>
                    >
                    Hear, hear.

                    I can't think of any way of not making this sound a bit pompous but it is an
                    enormous relief to learn that what my ears tell me Watters was doing is what
                    Watters thought he was doing.

                    By contrast I think the early European revivalists were consciously engaged
                    in "re-creating" what they heard on their records, and of course the Oliver
                    Creole Band Gennetts were freely available in Britain (and pre-Nazi Europe),
                    albeit in diabolical dubs whose deficiencies sometimes seem to be reflected
                    in the music of the revivalist bands. Everyone remotely interested in jazz
                    had heard them.

                    The Graeme Bell band down under were engaged in an enterprise much more
                    analagous to what Watters was doing, and there is a lot of testimony to how
                    startled homegrown revivalists were when this freewheeling ensemble playing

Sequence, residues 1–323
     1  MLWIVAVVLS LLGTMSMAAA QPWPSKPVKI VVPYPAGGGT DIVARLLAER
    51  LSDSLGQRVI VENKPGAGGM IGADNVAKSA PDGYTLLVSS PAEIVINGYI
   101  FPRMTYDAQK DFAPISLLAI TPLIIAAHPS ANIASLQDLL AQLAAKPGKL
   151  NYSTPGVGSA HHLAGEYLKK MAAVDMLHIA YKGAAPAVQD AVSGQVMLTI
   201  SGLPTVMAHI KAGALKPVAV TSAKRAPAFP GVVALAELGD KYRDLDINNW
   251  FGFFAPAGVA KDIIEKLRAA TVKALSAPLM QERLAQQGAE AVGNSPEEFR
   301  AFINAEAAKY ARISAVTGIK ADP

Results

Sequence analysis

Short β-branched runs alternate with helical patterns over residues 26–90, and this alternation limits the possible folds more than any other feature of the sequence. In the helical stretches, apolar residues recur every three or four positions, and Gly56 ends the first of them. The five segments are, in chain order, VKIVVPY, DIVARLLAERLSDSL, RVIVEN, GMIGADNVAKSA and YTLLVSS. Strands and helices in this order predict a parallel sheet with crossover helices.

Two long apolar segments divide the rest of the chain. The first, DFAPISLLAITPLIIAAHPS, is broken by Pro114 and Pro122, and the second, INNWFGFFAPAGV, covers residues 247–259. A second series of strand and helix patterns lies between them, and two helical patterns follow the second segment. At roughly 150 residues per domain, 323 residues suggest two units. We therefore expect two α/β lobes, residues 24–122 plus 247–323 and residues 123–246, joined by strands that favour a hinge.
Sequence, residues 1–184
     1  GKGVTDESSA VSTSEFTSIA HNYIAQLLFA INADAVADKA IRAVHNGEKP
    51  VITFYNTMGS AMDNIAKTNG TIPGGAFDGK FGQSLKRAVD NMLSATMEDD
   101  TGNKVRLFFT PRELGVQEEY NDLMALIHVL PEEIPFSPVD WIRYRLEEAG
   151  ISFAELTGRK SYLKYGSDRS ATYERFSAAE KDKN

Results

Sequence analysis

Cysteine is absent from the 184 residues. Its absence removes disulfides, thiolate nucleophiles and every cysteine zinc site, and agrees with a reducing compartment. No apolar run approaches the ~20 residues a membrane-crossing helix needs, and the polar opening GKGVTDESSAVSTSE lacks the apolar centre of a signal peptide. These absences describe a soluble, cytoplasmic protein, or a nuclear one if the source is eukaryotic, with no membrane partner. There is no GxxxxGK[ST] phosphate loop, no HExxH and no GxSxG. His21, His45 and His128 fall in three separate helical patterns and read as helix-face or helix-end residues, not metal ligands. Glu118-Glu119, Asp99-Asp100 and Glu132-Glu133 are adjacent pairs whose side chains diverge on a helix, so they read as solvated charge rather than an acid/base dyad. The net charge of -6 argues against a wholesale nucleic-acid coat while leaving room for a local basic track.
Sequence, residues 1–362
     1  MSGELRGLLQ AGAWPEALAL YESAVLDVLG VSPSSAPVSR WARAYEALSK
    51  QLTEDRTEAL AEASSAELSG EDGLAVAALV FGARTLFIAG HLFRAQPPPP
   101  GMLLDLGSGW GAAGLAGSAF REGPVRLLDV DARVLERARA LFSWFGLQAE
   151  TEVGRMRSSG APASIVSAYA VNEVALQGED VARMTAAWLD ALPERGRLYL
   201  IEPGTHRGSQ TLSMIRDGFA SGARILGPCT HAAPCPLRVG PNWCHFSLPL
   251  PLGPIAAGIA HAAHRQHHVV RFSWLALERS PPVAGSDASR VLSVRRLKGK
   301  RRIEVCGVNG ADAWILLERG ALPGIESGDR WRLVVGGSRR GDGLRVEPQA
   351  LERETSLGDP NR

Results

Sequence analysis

for dancers fetched up in London. Inadvertently, the Bells are the true
                    fathers of British Trad are they not? Their records are also some of the
                    most rewarding and enduring of the revivalist output.

                    Howard Rye, 20 Coppermill Lane, London, England, E17 7HB
                    howard@...
                    Tel/FAX: +44 20 8521 1098





                    Yahoo! Groups Links













                    ---------------------------------
                    On Yahoo!7
                    Photos: Unlimited free storage – keep all your photos in one place!

                    [Non-text portions of this message have been removed]
                  • David Richoux
                    Going the same way in a slightly different direction - when a major FM Rock station in San Francisco presented a 3 day History of Rock in SF show - the very
                    Message 9 of 29 , Oct 6, 2006
                    • 0 Attachment